Mandela, Nelson

1918–2013
President of South Africa

Nelson Mandela is one of the best-known and most influential political leaders in Africa. Imprisoned for many years because of his activities against apartheid, he later became the first black president of SOUTH AFRICA. For many South Africans, Mandela symbolized the hope for black equality.

Born in the Transkei region of South Africa, Mandela was the son of a XHOSA chief. Although a member of a royal family, he could not inherit the chieftainship because his mother was his father’s third wife. After his father’s death, the nine-year-old Mandela was sent away to school. When he finished his primary education in 1938, he gained admission to Fort Hare College. However, he was expelled two years later for taking part in a strike.

Mandela, Nelson

In 1941 Mandela moved to the city of JOHANNESBURG, where he worked as a policeman and took correspondence courses to complete his college degree. He then studied law at Witwatersrand University. In law school, Mandela met Indian and white students and came in contact with many radical ideas. In 1944 he joined the African National Congress (ANC), a black political movement, and eventually became one of its leaders. When the South African government began to establish its apartheid policies after 1948, the ANC became an important source of opposition. The group organized work stoppages and other activities to protest and defy the racist laws. Following an outbreak of violence in 1952, the government banned several ANC leaders, including Mandela. He was not allowed to move about the country freely or to associate with other people. The government placed banning orders against Mandela again in 1953 and in 1956.

In 1955 the ANC adopted a document called the Freedom Charter, which called for the establishment of a nonracial, democratic South Africa. The South African government declared the charter to be treason and arrested Mandela and more than 150 other ANC leaders. However, when they were brought to trial, all were acquitted.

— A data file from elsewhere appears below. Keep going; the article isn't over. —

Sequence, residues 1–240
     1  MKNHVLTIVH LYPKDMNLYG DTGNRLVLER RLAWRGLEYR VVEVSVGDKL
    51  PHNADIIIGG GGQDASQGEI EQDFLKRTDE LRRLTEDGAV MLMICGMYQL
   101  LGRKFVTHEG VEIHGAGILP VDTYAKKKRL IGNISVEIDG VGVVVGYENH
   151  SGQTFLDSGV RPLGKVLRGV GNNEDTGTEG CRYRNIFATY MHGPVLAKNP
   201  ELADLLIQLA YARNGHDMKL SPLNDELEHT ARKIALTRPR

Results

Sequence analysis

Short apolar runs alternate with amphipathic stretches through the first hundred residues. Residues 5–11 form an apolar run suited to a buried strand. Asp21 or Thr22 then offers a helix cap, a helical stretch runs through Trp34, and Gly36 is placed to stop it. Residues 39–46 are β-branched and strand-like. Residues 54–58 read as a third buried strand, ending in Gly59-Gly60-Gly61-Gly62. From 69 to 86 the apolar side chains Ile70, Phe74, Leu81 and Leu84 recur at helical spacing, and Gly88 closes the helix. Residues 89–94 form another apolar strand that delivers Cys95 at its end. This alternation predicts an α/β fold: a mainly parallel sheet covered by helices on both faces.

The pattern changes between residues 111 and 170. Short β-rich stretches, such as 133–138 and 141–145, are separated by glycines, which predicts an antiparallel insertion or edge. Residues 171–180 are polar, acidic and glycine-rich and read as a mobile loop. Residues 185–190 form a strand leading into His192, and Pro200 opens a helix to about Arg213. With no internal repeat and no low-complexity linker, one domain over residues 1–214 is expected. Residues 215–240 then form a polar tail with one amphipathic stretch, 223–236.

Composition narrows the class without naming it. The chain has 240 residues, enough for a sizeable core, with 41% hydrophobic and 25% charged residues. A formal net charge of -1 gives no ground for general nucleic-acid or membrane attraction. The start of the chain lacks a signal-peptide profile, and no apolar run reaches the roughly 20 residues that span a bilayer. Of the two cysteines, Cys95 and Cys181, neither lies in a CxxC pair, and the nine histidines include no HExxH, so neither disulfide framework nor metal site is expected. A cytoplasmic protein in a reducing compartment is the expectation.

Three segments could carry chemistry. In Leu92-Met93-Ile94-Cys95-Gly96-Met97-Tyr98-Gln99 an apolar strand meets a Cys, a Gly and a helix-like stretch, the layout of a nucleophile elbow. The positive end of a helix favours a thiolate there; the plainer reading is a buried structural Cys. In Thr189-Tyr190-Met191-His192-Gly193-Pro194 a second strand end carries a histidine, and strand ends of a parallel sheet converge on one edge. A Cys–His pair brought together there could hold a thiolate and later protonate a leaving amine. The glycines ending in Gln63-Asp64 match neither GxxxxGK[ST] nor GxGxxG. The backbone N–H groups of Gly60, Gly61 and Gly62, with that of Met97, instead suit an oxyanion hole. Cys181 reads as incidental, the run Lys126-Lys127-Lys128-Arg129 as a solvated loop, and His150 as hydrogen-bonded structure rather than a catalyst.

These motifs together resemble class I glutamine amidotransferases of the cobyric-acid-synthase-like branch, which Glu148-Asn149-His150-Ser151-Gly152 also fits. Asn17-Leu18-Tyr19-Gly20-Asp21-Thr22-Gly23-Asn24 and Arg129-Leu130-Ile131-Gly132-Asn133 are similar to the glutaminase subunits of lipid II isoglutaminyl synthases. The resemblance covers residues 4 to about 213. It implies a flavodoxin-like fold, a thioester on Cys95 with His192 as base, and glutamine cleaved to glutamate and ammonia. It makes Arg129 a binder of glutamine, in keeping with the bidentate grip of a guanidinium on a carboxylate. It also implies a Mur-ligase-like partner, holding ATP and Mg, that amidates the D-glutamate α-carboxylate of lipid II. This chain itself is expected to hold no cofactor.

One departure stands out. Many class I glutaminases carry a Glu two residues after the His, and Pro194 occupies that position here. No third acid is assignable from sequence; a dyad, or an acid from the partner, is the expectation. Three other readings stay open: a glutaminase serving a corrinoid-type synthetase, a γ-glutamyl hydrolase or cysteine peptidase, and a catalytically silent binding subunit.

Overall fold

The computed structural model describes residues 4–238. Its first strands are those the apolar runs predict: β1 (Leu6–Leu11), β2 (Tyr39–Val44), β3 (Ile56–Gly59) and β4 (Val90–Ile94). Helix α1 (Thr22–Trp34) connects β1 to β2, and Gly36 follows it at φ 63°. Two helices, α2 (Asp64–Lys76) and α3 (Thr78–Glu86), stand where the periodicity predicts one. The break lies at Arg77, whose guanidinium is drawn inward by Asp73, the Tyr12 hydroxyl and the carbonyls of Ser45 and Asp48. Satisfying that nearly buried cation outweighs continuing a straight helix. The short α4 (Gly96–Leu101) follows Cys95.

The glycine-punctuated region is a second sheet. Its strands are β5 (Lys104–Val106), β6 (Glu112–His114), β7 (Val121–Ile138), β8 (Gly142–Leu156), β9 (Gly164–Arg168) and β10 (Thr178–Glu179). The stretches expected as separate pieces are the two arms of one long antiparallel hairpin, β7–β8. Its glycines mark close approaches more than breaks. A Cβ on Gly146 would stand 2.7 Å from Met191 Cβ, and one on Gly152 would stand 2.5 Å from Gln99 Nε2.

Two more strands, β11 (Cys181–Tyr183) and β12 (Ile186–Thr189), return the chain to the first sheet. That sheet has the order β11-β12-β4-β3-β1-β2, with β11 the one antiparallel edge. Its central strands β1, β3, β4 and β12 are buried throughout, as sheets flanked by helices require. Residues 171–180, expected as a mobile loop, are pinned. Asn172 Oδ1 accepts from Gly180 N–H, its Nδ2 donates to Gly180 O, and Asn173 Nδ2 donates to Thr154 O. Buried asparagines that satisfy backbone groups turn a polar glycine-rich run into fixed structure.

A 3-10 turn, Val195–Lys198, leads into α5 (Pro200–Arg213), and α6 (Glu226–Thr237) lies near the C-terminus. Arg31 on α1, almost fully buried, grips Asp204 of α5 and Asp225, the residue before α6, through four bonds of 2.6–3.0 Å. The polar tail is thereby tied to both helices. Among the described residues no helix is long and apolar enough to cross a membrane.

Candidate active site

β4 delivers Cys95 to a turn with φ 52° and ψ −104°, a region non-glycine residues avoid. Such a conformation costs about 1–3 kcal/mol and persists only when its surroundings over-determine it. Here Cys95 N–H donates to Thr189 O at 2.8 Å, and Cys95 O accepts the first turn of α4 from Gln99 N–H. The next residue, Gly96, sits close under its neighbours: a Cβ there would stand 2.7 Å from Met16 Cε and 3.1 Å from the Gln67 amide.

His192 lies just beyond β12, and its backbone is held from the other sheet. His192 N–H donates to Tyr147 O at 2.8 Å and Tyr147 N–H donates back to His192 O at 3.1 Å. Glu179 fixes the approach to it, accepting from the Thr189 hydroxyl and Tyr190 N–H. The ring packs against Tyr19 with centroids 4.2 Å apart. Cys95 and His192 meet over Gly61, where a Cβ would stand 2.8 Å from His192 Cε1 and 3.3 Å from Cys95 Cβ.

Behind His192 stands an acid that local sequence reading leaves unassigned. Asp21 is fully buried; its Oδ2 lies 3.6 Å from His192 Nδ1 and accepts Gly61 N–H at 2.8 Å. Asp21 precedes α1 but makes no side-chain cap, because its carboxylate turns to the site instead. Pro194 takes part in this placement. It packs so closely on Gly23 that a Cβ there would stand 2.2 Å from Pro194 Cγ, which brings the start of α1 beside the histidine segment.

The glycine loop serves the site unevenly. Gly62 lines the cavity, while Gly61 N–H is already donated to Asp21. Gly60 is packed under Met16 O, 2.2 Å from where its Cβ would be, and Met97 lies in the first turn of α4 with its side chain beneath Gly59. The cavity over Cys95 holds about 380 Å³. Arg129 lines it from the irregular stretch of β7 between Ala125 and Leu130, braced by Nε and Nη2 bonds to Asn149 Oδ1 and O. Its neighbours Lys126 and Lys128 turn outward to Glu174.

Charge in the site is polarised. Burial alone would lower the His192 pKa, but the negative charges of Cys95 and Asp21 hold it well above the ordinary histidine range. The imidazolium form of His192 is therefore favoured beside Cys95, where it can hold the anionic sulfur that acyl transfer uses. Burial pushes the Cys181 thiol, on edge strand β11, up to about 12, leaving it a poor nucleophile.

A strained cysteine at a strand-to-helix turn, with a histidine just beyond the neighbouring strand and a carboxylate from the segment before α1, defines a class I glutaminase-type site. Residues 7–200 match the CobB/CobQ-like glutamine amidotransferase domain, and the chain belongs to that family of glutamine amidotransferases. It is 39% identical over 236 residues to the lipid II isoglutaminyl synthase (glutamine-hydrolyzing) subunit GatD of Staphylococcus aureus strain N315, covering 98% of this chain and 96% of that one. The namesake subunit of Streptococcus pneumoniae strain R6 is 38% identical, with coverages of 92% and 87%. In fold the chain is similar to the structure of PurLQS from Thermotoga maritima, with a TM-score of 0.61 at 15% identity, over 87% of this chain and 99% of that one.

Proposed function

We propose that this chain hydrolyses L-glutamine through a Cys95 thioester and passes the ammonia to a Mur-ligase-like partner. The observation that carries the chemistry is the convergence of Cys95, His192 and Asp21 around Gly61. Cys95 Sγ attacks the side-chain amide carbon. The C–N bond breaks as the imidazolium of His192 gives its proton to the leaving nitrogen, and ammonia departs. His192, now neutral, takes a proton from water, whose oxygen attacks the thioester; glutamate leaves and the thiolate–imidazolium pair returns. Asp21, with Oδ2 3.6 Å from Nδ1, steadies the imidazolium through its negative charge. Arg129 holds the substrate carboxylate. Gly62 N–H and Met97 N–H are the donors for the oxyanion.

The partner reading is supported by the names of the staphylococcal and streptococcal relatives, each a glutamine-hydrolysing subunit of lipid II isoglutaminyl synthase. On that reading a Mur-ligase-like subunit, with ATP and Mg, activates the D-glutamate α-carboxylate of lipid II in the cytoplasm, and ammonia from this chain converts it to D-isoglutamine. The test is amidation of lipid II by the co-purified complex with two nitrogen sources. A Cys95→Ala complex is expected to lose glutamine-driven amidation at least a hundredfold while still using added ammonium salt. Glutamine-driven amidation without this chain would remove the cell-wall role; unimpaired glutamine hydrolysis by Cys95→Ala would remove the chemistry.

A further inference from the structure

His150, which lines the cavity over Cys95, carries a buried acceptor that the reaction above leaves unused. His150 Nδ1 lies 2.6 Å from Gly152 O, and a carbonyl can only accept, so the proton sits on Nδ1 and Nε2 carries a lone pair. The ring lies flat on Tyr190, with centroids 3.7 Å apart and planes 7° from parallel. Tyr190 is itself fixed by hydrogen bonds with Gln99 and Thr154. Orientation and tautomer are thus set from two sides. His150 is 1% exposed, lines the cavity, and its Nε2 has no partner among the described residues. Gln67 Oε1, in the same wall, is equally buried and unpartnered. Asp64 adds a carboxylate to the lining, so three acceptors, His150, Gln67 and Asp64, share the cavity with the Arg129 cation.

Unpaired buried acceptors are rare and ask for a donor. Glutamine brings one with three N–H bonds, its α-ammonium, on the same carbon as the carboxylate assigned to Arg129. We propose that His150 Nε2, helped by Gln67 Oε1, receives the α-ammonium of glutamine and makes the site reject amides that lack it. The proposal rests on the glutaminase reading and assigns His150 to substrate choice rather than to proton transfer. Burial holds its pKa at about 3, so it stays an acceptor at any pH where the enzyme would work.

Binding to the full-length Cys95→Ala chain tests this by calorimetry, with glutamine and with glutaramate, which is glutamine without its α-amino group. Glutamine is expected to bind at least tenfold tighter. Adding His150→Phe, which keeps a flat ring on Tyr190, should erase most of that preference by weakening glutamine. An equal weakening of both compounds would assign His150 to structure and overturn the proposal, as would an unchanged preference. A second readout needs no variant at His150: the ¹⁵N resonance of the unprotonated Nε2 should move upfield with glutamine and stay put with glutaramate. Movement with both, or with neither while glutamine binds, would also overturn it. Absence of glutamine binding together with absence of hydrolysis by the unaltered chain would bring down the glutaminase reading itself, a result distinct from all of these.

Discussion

Racial tensions led to violence in 1960, when police killed 69 protesters during a peaceful demonstration against apartheid in the Johannesburg suburb of Sharpeville. In response to the killings, black South Africans held a massive work stoppage. The government declared a state of emergency, banned the ANC, and arrested thousands of blacks. Mandela was again among those arrested, but he was soon released. He resumed participation in antiapartheid activities, working in secret to avoid another arrest.

Mandela decided that stronger action was needed to oppose apartheid. In 1961 he founded a group called Umkhonto we Sizwe (Spear of the Nation) to organize acts of sabotage against the government. By the end of 1961, the group was bombing government sites. Mandela left South Africa secretly and traveled to other African nations to raise money and to set up training bases for Umkhonto members. When Mandela returned to South Africa in the summer of 1962, he was arrested and brought to trial on charges of leading a strike and leaving the country illegally. He received a sentence of five years in prison. Two years later, the government sentenced him to life imprisonment for sabotage and for attempting to overthrow the government through violent revolution. Mandela spent 28 years in prison. Yet black South Africans and people in other countries continued to support him and his struggle against apartheid.

Unrest and threats of revolt, as well as international criticism, shook the South African government. In 1988 it began negotiating with Mandela over the conditions of his imprisonment. Two years later, South African president Frederik Willem DE KLERK released Mandela from prison. The two men then worked together to dismantle the apartheid system and prepare South Africa for a nonracial democracy. Because of their efforts to bring about peaceful change, de Klerk and Mandela shared the Nobel Prize for peace in 1993.

In 1994 South Africa held the first elections in its history in which all races could vote. Mandela became the nation’s first democratically elected president. He worked to improve the economic and educational conditions of blacks and to root out the last elements of apartheid. In 1999 Mandela chose not to run for a second term as president and retired from active politics. (See also Apartheid.)